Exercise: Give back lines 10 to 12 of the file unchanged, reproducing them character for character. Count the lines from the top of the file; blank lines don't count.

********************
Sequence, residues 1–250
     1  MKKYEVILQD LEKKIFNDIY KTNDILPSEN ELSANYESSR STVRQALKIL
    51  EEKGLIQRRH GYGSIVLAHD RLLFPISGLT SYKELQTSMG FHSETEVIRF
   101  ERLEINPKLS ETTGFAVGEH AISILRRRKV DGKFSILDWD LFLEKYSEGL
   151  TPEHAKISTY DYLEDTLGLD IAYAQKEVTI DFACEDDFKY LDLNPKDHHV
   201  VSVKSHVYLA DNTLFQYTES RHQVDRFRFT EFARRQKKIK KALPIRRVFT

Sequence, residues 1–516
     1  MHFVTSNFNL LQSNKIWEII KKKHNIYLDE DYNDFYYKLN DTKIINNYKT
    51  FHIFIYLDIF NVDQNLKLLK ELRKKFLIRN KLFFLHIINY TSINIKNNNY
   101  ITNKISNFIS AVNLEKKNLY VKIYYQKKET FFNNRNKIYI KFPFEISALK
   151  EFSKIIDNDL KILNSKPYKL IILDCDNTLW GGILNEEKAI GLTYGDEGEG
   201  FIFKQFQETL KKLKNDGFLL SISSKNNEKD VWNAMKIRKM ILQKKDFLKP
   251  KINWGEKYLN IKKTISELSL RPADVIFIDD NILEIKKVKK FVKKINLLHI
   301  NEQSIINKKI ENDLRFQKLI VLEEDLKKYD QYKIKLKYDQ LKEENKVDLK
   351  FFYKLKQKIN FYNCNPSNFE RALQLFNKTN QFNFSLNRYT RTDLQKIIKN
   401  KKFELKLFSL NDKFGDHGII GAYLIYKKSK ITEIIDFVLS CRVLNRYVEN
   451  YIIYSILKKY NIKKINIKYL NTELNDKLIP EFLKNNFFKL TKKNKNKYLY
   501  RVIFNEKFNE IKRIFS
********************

   101  ITNKISNFIS AVNLEKKNLY VKIYYQKKET FFNNRNKIYI KFPFEISALK
   151  EFSKIIDNDL KILNSKPYKL IILDCDNTLW GGILNEEKAI GLTYGDEGEG
   201  FIFKQFQETL KKLKNDGFLL SISSKNNEKD VWNAMKIRKM ILQKKDFLKP